In recent years there has been a significant increase in the popularity of arbitration as a means of resolving disputes. The relative ease with which arbitral awards are enforced, its neutrality, finality, flexibility and confidentiality have all helped to elevate arbitration, enhancing its reputation as an effective method of dispute resolution and offering parties an attractive alternative to litigation.

Central to the utilisation of arbitration are in-house counsel, who have an important role to play in the process. The role of in-house counsel has undergone significant change in recent years; no longer are they limited to simply managing the legal and regulatory risk associated with the business. They must also be a leader with the ability to provide a macro view of the company, understand the issues it faces and provide viable and tangible solutions to its problems.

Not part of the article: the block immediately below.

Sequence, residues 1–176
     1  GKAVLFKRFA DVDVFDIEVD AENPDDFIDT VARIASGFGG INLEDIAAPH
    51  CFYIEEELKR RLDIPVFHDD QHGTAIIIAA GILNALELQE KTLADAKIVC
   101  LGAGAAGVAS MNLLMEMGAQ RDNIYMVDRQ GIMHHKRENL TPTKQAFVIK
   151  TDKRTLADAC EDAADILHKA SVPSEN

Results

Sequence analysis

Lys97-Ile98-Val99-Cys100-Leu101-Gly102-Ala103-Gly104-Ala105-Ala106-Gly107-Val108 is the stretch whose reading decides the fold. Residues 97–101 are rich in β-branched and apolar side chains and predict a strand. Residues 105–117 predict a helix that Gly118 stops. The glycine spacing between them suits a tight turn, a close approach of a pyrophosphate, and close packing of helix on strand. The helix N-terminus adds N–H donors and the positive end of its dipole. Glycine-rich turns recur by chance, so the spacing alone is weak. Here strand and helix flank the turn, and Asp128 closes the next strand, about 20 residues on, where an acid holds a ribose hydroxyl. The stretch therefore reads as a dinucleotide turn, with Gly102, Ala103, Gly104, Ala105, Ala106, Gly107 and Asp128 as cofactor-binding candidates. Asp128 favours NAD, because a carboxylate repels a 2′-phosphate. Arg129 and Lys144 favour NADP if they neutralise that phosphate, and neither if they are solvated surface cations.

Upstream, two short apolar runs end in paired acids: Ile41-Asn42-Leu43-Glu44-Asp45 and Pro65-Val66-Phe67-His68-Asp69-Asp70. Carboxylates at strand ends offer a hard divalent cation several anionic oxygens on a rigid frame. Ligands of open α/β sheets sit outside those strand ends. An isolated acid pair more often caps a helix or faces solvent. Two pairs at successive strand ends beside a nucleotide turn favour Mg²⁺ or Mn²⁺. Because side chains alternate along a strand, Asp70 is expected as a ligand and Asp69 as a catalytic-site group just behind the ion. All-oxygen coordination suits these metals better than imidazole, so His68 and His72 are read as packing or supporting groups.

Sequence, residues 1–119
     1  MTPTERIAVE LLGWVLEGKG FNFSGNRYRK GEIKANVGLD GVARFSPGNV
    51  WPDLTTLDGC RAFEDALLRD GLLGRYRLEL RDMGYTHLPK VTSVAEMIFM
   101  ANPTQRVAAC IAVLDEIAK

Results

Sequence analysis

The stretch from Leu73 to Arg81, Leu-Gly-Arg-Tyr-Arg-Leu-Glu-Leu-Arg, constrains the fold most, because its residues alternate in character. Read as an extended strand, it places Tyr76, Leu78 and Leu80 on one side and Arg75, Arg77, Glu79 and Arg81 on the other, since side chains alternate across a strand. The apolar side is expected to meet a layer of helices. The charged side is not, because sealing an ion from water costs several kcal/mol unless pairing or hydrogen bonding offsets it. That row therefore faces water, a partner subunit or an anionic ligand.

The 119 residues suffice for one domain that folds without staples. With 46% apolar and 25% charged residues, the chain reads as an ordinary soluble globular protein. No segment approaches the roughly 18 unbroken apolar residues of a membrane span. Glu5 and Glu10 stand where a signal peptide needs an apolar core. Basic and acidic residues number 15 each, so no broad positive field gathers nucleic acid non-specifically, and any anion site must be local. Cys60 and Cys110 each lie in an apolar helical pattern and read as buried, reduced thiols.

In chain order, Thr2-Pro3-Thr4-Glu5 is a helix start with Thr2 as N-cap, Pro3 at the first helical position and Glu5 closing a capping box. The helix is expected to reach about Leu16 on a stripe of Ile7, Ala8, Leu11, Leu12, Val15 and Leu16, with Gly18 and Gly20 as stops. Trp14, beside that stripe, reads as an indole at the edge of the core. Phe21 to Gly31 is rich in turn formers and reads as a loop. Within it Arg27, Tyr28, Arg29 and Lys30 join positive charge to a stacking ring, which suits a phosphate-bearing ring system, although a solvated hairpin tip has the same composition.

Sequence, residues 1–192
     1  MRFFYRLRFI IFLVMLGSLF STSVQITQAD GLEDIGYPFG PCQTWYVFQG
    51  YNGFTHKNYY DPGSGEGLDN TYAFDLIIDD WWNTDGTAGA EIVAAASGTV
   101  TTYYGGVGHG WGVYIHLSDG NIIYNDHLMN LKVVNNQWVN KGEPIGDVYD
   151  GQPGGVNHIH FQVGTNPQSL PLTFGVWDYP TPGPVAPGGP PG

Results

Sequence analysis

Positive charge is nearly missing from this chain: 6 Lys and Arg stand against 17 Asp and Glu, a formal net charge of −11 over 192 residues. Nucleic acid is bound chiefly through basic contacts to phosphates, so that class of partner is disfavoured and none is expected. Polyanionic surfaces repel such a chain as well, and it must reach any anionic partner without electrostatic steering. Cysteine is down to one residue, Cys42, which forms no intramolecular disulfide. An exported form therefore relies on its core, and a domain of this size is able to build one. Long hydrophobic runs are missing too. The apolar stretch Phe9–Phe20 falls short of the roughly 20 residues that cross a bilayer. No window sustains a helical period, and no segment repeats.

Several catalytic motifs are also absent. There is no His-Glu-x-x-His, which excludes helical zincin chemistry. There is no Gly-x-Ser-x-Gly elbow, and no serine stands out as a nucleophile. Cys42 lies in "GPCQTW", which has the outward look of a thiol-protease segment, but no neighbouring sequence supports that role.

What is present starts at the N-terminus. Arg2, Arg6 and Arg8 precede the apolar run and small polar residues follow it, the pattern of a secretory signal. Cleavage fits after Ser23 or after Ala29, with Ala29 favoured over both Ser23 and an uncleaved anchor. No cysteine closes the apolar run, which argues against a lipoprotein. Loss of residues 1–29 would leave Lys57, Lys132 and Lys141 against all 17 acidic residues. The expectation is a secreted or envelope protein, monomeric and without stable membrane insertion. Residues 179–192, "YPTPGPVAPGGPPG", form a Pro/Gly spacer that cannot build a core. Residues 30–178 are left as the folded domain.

Setting the agenda

If the use of arbitration is to be as effective as possible, in-house counsel must ensure that a dispute resolution clause is not a mere afterthought, copy and pasted from a precedent. “The nature of the contract, the identity of the counterparty, choice and number of arbitrators, potential enforcement challenges and confidentiality are just some of the key factors that should be taken into account in the drafting of the dispute resolution clause – all of which require careful consideration on the part of in-house counsel,” explains Nick Marsh, a partner at Quinn Emanuel Urquhart & Sullivan UK LLP.

Drafting a dispute resolution clause is an important task for in-house counsel to effectively manage any disputes that might arise. Various arbitral institutions have produced guidance for parties and their in-house counsel.

Jul-Sep 2019 issue

Richard Summerfield